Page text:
I’m In A Conversation. Now What?


Before MeetingAs wonderful as chatting with a connection at a networking event is, do not burn out the conversation. This is not to say that you need to use the event to get out handfuls of your business cards and collect handfuls in return. That is not productive either.

It just says that you should attempt to connect enough with the person so that you are both comfortable continuing the conversation another time. Perhaps that is at the next event. Perhaps that is over coffee the next week. Whatever the case, talk for 15 to 20 minutes, get their contact information and pledge to get back to them.

This will allow you the opportunity to meet and connect with other people. To this end, when you find a lull in the conversation, simply suggest to them:

“I would love to keep talking, but …

  • “I don’t want to occupy your whole time …”
  • “There are a couple people I need to connect with before the event is over;” or,
  • “I promised myself that I would meet three new, great contacts today … you make one and now I need to find two others.”

“If you do not mind, however, I would like to reach out to you later this week (early next week) and arrange a time where we can continue this conversation.”

The Golden Rule In Action

J (Giving)No doubt, interacting with others at networking events you are hopeful of getting things … clients, important contacts, and other information. Understand this: They are too. You can make an indelible impression on them by finding some way of helping them – even if only in a small way. So as they talk, run whatever they are saying through a filter that queries: “How can I add value to them?” This is the Golden Rule of Networking – Give first and get second.

There is nothing that says that you have to help them right there and now. If you can help them in that moment, great. If not, do not despair.

Just understand that you make the most of building that connection by trying to find some way you can add value to them later. It might be a referral. It might be a contact. It might be important information for them.

Networking Conversation

R (Conversation)

At a networking event, once you have exchanged names, conversation will likely ensue.  Engage In It.

In so doing, do not start the conversation directly focused on business or professional aspects. That can be off-putting and serve to create an uncomfortable situation. Rather, engage in some small talk. Inquire as to the origin of their name. Ask them about their impressions on the event itself. Get them talking on anything other than business.  This will serve to make the connection comfortable.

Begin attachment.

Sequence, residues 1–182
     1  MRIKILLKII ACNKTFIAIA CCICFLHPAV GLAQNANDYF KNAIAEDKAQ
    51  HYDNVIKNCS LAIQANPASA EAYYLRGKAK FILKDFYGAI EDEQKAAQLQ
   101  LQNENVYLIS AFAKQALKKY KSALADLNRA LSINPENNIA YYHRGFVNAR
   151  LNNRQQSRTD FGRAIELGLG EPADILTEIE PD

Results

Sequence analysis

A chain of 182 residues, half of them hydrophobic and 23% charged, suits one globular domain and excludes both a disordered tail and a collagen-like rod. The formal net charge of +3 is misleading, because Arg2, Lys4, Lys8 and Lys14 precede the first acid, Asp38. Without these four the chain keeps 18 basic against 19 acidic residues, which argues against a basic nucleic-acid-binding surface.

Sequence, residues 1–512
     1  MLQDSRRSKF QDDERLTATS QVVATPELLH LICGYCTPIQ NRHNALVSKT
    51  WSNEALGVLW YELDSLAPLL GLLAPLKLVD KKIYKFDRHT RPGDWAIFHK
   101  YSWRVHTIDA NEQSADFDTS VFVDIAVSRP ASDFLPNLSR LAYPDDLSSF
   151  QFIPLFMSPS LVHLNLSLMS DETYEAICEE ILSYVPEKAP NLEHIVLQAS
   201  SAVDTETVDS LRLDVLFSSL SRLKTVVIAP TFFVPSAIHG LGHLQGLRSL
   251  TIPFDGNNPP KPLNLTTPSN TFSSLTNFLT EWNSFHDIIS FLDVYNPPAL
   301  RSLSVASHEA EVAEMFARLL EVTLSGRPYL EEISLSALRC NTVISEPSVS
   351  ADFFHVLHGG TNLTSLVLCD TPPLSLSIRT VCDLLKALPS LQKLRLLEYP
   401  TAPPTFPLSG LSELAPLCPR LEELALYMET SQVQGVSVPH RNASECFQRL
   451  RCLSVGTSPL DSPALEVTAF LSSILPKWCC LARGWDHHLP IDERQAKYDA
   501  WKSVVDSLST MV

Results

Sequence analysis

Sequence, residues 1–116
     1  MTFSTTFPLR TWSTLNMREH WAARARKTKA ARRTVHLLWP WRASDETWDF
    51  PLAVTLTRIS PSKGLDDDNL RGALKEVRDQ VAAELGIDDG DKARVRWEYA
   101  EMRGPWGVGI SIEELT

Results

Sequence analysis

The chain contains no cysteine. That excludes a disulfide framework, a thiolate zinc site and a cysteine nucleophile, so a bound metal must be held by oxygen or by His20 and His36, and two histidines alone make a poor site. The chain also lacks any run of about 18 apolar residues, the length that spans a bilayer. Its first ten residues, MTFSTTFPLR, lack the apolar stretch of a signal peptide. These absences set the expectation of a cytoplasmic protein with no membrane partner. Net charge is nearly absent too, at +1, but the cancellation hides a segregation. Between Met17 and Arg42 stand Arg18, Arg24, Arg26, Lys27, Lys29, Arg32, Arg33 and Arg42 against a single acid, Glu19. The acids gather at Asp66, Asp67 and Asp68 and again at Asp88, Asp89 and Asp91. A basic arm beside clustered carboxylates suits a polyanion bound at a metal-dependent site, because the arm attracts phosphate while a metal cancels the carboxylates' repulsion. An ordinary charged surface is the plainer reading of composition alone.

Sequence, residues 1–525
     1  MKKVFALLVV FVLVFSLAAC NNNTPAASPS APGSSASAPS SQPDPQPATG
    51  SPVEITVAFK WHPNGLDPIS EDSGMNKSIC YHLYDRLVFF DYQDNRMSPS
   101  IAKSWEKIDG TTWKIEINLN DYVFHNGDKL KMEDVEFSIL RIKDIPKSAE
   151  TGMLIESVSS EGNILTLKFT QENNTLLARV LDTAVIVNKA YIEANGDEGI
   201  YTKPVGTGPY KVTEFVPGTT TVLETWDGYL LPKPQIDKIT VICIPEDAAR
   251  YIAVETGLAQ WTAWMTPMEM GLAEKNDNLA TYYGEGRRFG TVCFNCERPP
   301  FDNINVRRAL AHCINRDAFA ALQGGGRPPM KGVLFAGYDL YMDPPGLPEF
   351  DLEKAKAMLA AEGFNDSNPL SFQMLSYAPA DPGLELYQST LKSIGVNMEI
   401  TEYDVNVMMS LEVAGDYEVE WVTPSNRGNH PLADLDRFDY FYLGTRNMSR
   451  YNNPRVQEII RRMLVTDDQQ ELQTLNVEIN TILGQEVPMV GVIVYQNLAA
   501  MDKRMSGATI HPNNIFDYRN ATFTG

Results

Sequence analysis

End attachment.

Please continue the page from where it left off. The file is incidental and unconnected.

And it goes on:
After a few minutes (or even several minutes of small talk), segue over to more professional topics. Ask about their business. How long have they done it? What did they do before? How did they get started?

Once the professional discussion has run its course, segue back to small talk. You can reflect on something professional they said, and tie it back to something within small talk.

As you engage in conversation, be sure to listen to what they have to say. Focus on them, and not your watch, or who is coming through the door, or anything going on around you.

You should express a genuine interest in what they have to say, especially if it is a topic that you set in motion with one of your questions. To do this, face up to them, make eye contact, and:

  • Make sounds and comments to indicate understanding (or simply nod your head) … “Oh, interesting.”
  • Ask questions to clarify things … “Now, when you [blank], do you mean…?
  • Echo back what they have said in summary fashion … “So you basically got into business because …”

As they talk look for things you have in common, whether they are shared backgrounds, similar experiences, or ways to relate to them. You can use these to interject or ask questions, as a means of keeping the conversation going.

Beyond Initiate Contact

P (Name Badge)

After initiating contact at a networking event (that is after making eye contact, smiling, and saying hello) one of two things will happen.

  • Nothing will happen, as they will just move along. So what? Don’t take it personal. There could be a dozen or more reasons why they did not stop and none of them related to you.
  • They stop and are open to expanding the mere contact into a more meaningful connection.

When this happens, ensure to do these three things…

  • Handshake … Offer your hand in anticipation of a handshake, the true first impression. The handshake should be firm, intersecting your thumb web with theirs. Do not make your handshake too hard – a bone crushing that might serve to imply dominance. Moreover, do not make your handshake too soft – a limp fish that might serve to imply disinterest. Make that handshake firm, but nothing spectacular. Remember, you are best to not be remembered for your handshake as opposed to being remembered for a bad one.
  • Offer Your Name … As you shake hands, offer your name. In so doing, be sure to enunciate you first name clearly. In addition, to further the connection, there are two other reasons as to why this is important. First, unless they are someone you know well, by offering your name you serve to eliminate any potential embarrassment to them for not remembering your name from an earlier encounter. Second, when you offer your name, they are likely to offer theirs in return.
  • Clarify Their Name … When you offer your name, if they do not recite theirs, ask them, “What is your name?” Whatever the case, if they offer their name (whether they did it initially or you had to prompt them), clarify their name aloud. For example:
    • “Hello, my name is Susan.”
    • “Great to meet you. Susan, correct?”

You might also consider clarifying what they prefer to be called (e.g., Do you go by Susan, Sue, or either/or?). These steps will help you better remember their name. In addition, it will subtly imply that their name is important to you.